FIG. 2 is a graph illustrating the spectral reflectance of the black matrix of the present invention, and FIG. 3 illustrates the elemental chromium content of the black matrix obtaining the result of FIG. 2. FIG. 4 is a graph illustrating the spectral reflectance of the conventional black matrix, which does not have a transition layer, and the FIG. 5 illustrates the elemental chromium content of the conventional black matrix obtaining the result of FIG. 4. In FIG. 2 and FIG. 4, the abscissa represents the wave length and the ordinate represents the reflectance. In FIG. 3 and FIG. 5, the abscissa shows the cross-sectional view of the film wherein the external light enters the liquid crystal display from the right, and the ordinate represent the content. In FIG. 3 and 5, the curves Cr and O mean the chromium and oxygen contents in the laminated film, respectively.

The bottom reflectance of the black matrix in the present invention is almost zero as shown in FIG. 2, and around 5% at highest even in the wave length range having the maximum reflectance. In FIG. 3, the elemental chromium contents of the low chromium layer and high chromium layer are approximately 40% and approximately 90%, respectively. In the transition layer, the elemental content increases approximately 50% in the 300 angstroms thickness, so the increment per 100 angstroms becomes 17%. The entire thickness of the transition layer is approximately 500 angstroms as shown in FIG. 3. Because the maximum resolution of the Auger electron spectroscope used for the determination of the chromium content is 200 angstroms, the actual gradient part on the content comprises around 300 angstroms from among the approximately 500 angstroms.

On the other hand, as shown in FIG. 4, the bottom reflectance of the black matrix not having the transition layer exceeds 5% in the all wave length ranges and reaches more than 10% in the higher reflectance regions. The elemental chromium content distribution of the black matrix in FIG. 5 demonstrates that the width of the chromium increase is only 200 angstroms corresponding to the resolution of the Auger electron spectroscope, so the transition layer could not substantially exist in this case.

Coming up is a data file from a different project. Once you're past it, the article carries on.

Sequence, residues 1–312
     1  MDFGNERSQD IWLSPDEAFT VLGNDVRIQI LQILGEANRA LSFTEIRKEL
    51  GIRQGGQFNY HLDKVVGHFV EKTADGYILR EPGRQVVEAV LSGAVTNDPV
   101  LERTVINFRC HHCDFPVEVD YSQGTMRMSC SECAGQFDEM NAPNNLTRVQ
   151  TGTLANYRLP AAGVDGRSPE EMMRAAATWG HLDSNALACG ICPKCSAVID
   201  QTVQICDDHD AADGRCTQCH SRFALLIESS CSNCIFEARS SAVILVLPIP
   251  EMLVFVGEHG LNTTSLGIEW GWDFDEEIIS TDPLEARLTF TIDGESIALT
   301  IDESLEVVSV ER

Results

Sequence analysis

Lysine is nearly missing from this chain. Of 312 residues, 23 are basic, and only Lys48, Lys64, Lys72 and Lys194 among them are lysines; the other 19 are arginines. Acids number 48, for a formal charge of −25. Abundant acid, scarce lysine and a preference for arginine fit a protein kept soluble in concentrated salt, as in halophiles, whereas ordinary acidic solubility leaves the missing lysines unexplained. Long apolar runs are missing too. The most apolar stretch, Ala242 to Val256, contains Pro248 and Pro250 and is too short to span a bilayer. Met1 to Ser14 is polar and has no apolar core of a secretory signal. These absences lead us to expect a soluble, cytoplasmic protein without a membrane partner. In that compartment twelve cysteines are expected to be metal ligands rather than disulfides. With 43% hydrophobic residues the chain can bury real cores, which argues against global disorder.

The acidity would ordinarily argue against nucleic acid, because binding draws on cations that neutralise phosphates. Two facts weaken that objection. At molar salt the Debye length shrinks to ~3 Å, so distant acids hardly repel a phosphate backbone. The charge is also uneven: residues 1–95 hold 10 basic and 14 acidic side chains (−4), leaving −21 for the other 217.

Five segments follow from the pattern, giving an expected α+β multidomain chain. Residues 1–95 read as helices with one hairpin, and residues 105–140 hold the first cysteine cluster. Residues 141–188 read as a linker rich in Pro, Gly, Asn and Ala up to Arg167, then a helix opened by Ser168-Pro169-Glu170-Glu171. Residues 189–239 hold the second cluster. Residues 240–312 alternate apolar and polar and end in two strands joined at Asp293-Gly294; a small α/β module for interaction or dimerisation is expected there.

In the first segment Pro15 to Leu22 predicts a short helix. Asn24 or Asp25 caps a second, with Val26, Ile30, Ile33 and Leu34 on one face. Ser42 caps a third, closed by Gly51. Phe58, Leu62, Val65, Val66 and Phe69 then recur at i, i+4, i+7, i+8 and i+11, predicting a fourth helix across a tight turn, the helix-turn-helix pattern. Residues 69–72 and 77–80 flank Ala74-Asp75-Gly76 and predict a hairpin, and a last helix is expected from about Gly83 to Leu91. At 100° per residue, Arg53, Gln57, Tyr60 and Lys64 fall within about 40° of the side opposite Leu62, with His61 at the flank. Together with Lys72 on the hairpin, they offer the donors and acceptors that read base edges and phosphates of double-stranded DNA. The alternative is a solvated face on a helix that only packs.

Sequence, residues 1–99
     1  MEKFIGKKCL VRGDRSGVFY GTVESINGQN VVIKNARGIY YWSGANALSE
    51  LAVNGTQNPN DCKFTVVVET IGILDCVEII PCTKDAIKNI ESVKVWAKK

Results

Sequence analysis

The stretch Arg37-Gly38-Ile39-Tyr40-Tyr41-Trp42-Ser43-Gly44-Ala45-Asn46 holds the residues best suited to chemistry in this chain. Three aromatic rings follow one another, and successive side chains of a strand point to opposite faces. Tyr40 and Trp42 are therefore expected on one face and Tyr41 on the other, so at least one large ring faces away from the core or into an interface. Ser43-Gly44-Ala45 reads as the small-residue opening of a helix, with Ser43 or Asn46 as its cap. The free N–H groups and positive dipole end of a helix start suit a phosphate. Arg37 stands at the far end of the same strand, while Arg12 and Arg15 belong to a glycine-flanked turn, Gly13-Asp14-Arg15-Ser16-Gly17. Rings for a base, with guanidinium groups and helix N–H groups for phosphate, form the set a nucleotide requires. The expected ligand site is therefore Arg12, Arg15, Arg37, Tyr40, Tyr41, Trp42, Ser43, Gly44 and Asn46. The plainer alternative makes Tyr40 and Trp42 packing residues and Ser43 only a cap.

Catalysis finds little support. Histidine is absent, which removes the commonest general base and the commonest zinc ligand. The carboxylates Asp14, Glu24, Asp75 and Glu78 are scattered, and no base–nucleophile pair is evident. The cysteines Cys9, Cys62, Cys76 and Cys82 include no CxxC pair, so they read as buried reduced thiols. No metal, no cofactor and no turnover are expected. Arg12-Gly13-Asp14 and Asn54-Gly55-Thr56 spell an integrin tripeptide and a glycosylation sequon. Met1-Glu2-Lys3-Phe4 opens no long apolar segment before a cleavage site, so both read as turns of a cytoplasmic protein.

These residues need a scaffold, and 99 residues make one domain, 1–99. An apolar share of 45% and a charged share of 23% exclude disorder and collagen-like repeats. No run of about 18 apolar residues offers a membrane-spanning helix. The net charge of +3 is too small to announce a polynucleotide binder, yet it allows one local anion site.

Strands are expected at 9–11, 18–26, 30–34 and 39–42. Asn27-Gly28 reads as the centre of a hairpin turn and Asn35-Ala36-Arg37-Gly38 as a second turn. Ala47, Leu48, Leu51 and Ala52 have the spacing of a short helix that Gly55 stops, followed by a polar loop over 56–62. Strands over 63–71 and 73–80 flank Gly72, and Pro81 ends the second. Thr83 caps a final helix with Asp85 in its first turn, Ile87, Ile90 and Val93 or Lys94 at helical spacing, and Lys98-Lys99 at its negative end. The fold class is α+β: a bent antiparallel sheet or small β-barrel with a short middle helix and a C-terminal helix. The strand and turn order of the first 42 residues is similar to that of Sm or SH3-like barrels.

While not wishing to be bound by theory, the following is believed to provide an explanation why the transition layer reduces reflectance.

FIG. 6 is a schematic diagram of the cross-section of the transition layer. The gradual increase of the elemental chromium content in the transition layer 512 means the gradual increase of the refractive index in the media. Due to the nature of light which is reflected toward the medium having higher refractive index, the incident angle of the external light entering the transition layer 512 gradually decreases in the media as shown in the arrow 514 in FIG. 6. When the light enters the high chromium layer, the incident angle fairly decreases so the reflectance in the high chromium layer is depressed. Furthermore, even if the light 515 reflected in the midway in the transition layer 512 proceeds first toward the low chromium layer 511, the light is gradually refracted toward the high chromium layer 513 and approaches the tangent direction of the incident face. This is because the refractive index of the transition layer 512 gradually decreases in the direction of the reflected light. It is considered that the reflected light returning to the transparent substrate 2 decreases by means of such a process.

FIGS. 7, 8 and 9 show other preferable embodiments of the present invention. In the elemental chromium content in the transition layer 512, arc shape increases are shown in FIGS. 7 and 8 and a stepwise increase is shown in FIG. 9. The increment per step in the stepwise increment, is limited to about 20%. A more drastic increment will lose the effect of low reflectance.

In the above embodiments, it is explained that the elemental chromium content in the transition layer gradually or step-wise increases. That means that the oxygen content gradually or step-wise decreases in the transition layer. Furthermore, nitrogen may be used for the laminated film for the black matrix in the present invention instead of oxygen.

A laminated film in the present invention comprising tungsten oxide and chromium nitride compounds other than chromium oxide compounds can be used for the black matrix. Titanium, Tantalum, Iron, Nickel or Molybdenum can be used for a metal of the laminated film in the present invention. A quaternary constituent laminated film comprising chromium, oxygen, nitrogen and carbon having a transition layer, in which the elemental chromium content gradually increases, can be used for laminated film for the black matrix.

Now the preparation of the above laminated film for the black matrix will be explained. Reactive sputtering is a suitable technique for preparing a laminated film having a layer of chromium oxide compounds in which the content of one constituent element is distributed. FIG. 10 is a schematic diagram of the reactive sputtering apparatus suitable for preparing laminated film for the black matrix.